A Soft Spot for Street People

I wanted to watch some women’s Gymnastics and pretend like I know something about the Olympics, so I went to sit at my favorite bar to have a beer and bounce commentary off some friends. The night at the bar was short and unspecial until I left to walk to my car with a particular friend.

We were adhering to a strict self-imposed curfew and attempting to get home by the midnight hour. Our “best laid plans” were thwarted not by other mice and men (ooh…literary) but by an outdated street person. He stopped us politely on the sidewalk and explained that he was an artist and that he’d love to draw our portrait for a small donation. I knew I only had tens in my purse but he was wearing a beret and his fingernails were long in that “artsy” kind of way. I figured it was a good opportunity to get a piece of narcissistic original art for my apartment. He assured us that he was speedy and that he would only take up a few moments of our time.

We were ushered to a well-lit stairwell on the street and sat awkwardly while he laid out his supplies. I suppose it was only a second or two of waiting since his supplies consisted of a ball-point pen and a few loose sheets of paper. While he started sketching he engaged us in conversation that was tailored to lead to his life story. I don’t recall asking, but soon we were treated to the tale of two fated lovers. It seems his girlfriend was somewhere (at an unknown location) down the street having a bad acid trip and needing some nutrition. Fast. Thank goodness for all those tens in my purse and my never-failing hopefulness that I’ll meet the next great artist on the street. He enthralled us with a history of living in the woods in Washington state and used that as a reason for spending so many years on acid and other drugs. He told us it was fate that brought him and his bad-trip girlfriend back to Michigan and that at the age of 32 he thought he was too old for acid. I concurred, letting him know that I thought any age was too old for acid, considering the havoc it wreaks on your natural chemicals. He shrugged it off, retelling of his girlfriend’s current state, as if expecting some sort of awed reaction.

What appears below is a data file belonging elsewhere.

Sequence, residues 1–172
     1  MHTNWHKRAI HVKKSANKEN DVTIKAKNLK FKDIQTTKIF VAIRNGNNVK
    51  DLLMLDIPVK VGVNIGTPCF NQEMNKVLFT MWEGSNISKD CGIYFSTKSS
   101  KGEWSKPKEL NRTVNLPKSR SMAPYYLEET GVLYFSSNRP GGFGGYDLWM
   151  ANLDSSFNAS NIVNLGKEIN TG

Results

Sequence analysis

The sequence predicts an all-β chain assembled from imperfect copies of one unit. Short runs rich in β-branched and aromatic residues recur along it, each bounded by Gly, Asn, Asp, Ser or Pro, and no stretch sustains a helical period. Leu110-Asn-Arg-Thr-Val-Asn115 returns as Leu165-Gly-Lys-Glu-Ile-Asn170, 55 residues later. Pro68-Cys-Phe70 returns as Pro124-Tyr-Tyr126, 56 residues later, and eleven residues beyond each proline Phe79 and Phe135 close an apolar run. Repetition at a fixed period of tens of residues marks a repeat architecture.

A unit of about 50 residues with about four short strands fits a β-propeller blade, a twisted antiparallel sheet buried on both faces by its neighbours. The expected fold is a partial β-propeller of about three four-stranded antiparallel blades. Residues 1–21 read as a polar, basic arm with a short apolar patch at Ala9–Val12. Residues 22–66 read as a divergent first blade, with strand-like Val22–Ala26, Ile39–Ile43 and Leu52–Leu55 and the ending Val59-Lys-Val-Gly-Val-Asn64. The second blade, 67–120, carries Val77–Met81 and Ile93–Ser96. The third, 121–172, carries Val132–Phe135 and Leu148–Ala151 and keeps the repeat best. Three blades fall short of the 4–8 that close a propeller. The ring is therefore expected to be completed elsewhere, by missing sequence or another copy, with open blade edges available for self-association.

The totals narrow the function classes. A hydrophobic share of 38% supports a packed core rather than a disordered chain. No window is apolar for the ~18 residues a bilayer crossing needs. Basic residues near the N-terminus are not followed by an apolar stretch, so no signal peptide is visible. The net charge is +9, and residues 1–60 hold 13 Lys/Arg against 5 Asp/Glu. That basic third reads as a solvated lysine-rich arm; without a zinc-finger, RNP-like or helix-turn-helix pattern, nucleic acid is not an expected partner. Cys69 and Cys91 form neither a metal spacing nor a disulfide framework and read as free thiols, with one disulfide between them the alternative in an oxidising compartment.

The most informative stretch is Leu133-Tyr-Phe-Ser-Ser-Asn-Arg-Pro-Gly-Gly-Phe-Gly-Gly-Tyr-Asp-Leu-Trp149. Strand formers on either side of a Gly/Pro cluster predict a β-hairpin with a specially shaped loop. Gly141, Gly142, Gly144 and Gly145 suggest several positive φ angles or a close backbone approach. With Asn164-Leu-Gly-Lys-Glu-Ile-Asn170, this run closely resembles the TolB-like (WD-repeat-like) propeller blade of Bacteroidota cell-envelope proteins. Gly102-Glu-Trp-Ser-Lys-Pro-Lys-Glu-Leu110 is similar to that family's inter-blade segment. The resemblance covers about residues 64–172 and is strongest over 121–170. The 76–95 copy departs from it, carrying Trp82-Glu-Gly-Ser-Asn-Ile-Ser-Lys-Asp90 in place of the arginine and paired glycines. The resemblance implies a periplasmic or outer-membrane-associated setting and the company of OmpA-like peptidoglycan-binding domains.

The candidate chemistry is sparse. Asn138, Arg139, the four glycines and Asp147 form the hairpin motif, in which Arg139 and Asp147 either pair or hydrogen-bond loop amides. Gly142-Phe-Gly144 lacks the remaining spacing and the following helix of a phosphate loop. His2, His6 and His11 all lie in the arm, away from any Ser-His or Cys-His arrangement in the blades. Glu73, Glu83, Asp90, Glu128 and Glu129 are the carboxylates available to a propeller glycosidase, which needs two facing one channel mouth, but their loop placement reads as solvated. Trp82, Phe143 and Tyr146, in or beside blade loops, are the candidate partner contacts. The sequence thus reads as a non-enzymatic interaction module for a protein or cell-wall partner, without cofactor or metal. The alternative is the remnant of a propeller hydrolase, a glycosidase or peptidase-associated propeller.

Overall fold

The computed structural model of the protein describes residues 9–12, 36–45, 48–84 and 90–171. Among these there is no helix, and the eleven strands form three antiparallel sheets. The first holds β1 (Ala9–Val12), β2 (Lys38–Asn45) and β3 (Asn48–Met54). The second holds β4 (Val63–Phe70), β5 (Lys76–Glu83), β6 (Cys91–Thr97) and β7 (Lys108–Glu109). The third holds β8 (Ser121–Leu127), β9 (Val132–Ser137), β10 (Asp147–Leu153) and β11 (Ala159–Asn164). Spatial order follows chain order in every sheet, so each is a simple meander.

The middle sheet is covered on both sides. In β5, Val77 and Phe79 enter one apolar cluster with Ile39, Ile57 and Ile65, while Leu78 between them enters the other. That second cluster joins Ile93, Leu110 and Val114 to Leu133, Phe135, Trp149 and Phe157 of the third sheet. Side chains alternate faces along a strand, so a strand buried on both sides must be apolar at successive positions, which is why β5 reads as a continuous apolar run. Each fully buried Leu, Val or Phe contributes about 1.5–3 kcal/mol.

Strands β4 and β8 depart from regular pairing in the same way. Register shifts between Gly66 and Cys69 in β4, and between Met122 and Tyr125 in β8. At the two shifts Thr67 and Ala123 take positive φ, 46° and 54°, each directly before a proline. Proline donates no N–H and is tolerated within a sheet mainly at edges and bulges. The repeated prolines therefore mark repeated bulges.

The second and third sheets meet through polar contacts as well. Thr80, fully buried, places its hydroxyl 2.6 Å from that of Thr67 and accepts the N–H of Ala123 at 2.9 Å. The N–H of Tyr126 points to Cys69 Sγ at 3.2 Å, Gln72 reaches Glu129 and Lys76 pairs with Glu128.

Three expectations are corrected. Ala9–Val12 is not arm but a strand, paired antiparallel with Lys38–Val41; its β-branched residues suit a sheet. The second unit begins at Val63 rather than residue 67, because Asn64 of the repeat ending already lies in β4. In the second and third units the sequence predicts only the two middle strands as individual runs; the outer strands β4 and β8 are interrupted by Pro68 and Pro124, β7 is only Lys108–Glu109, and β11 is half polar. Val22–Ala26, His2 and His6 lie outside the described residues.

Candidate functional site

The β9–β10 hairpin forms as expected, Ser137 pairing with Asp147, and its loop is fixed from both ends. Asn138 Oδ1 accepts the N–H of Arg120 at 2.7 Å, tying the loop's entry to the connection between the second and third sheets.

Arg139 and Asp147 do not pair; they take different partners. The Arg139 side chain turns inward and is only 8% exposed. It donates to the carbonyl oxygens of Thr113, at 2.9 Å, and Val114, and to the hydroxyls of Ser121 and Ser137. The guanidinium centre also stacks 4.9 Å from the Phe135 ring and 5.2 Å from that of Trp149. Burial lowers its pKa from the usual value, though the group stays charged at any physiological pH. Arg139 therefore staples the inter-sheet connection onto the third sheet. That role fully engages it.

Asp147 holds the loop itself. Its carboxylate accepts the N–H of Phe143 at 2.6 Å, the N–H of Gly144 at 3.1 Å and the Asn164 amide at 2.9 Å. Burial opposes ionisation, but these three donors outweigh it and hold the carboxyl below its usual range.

Throughout the back story (sob story) he weaved I stole glances at the “portrait”. He seemed to be ignoring most details that would distinguish one human woman from another and was just crudely outlining our faces and hair. I was duped by the beret and the slightness of this man. He wasn’t an artist! He was just some poor weirdo who did too much acid and made money by seizing onto a piece of paper with a pen and calling it art. When he had finished eking out what I assume is the portrait he promised, he asked us what sort of background we’d like. Toying with the idea of a giant hotdog, we settled on a “Vegas” backdrop. He agreed and said it’d be no problem. What we ended up with was a misspelled sign and what looks like both a fat and skinny hamster fetus-balloon. I’m confused, to say the least. I did give him ten dollars, however. He never promised a masterpiece and I suppose the word “artist” is subjective. At the very least, I got to read his book of poems that he intends to turn into a memoir. It was terrible and most words were either misspelled or misused. I told him I thought it was great. This is why those terrible American Idol auditions happen. I apologize. I didn’t know what else to say. He was still drawing my face and I didn’t want to end up with a unibrow.

The beautiful work of art.


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